30s: I don’t have a daughter but if I had one I’d hope for a safer world for her.

30s: I don’t have a daughter but if I had one I’d hope for a safer world for her.


What kind of career’s advice did you get as a young woman?

I’d say I received three bits of career advice when I was young. Firstly we had a computer programme at school where you answered a series of questions and it suggested a career (I think it was called Kudos?!). Mine came out as Florist! At the time I was not impressed at all as I’d already decided what I wanted to do and I didn’t see it as an ambitious career. Now I actually think I would quite enjoy it! It’s creative, active (compared to my current office job) I love flowers and I like the idea of helping people to make someone’s day! The other advice I was given by my parents who were both teachers was “don’t become a teacher” but also follow you dreams, you can be anything you want to be if you have talent and work hard.

What did you want to be when you left education?

I wanted to be a professional performer, ideally in the West End.

Did your mother work?

Yes. She didn’t go back to work until I was around 2 (and my brother was 4) I think but then only part time as a supply teacher. She later became a special needs teacher and worked mostly from home.

Love & Relationships:

Do you think getting married is important?

I always wanted to get married so I guess so. I think it’s fine if people don’t want to get married and its not for everyone. I guess my parents happy marriage meant I always just thought I would get married one day. Being married to my husband does feel different to being in a relationship. It has made me feel like we are our own team, our own family unit in a way I didn’t feel before we got married. This has been enhanced further by having our Son.

What did you dream your future partner would be like when you were a little girl?

This obviously changed a lot over the years. When I was really little it was probably Prince Eric from the Little Mermaid. Handsome, romantic and brave. Then as I got older a sense of humour was firmly added to that list. A romantic, poetic, creative, funny, sporty, musician. Oh or Ronan Keating from Boyzone! 🙂 Haha

Is your relationship with your partner the same as your parents’ relationship?

Yes I guess it is quite similar actually. They do lots together and are best friends but they also have their own interests and hobbies which is a lot like us. The thing I like the most about their relationship is that they are still really silly together! They still joke and mess around and laugh a lot which again is a lot like us.


How like your mother are you?

I’m told and would probably agree that I’m a mix of both parents but probably more like my Dad overall. I think I’m like my mum in some ways. We share a lot of similar mannerisms. A stranger once worked out we were mother and daughter having met us separately because we told a similar story using a lot of the same hand gestures etc. She always says that I’m more grounded than her. We are both quite sensitive and wear our heart on our sleeve. I guess I am like her in a lot of ways.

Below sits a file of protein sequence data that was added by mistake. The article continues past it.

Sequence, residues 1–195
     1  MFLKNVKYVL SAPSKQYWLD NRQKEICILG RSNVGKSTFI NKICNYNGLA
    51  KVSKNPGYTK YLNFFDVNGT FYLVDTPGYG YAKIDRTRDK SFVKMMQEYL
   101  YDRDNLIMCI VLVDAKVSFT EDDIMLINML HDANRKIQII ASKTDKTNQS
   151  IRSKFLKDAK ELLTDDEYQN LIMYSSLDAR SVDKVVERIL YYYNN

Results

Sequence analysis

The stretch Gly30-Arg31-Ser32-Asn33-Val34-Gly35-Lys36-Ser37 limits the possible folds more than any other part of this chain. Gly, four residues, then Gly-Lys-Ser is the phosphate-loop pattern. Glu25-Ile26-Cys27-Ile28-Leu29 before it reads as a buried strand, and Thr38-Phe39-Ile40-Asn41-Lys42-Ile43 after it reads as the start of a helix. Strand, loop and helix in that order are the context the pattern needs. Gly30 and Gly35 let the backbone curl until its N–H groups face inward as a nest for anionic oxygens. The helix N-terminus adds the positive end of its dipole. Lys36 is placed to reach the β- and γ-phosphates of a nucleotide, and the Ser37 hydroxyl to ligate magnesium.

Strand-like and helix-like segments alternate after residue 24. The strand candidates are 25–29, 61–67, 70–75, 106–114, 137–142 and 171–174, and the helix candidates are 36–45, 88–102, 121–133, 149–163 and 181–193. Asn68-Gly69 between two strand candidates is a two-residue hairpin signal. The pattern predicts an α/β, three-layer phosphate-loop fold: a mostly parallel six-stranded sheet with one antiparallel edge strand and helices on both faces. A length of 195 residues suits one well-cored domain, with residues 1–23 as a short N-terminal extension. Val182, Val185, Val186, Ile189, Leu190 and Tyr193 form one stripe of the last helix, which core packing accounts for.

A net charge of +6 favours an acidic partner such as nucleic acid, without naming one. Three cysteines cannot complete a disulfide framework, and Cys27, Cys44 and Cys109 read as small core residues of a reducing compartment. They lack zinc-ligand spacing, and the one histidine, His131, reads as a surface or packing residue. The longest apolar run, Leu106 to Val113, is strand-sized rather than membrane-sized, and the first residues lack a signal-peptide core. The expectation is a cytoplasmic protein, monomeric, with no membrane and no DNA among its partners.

What are your hopes for any daughters or young women you know?

I don’t have a daughter but if I had one I’d hope for a safer world for her. A world of genuine equality across the board. I would also hope that she is able to escape a lot of the body issues that I have faced and that would be something I would be hyper aware of if I have a daughter in the future. I would like her to feel confident and supported and able to be anything she wants to be.

Do you bring your son up the same way as your daughter? Do you think boys and girls should be brought up differently?

I’d love to say that I would raise a daughter the same as a son but I don’t think that would be true. When they are really small I think the lessons are the same but I think the pressures on boys and girls are different as they get older. On that basis I think the way they are raised would be different.


Expectations and Dreams:

Who are your heroines and why?

When I was young my heroines were Darcy Bussell and Sylvie Guillem and a girl I knew at my dance school called Danielle. She was beautiful, intelligent, kind and a wonderful dancer. She went off to stage school in London a number of years before me and that was my dream so I always felt like she was leading the way. The thing that I really loved about her was that she was different to the other girls at my dance school. She wasn’t all jazz hands and fake lashes, she wasn’t loud and super confident. She was more reserved and quiet but so talented! These days my heroines are my closest friends. Also there is a female scientist that I used to work for at the University. I wouldn’t necessarily use the term heroine but I definitely respect her a huge amount on a professional level. All the things she’s achieved as a scientist in a hugely male dominated environment.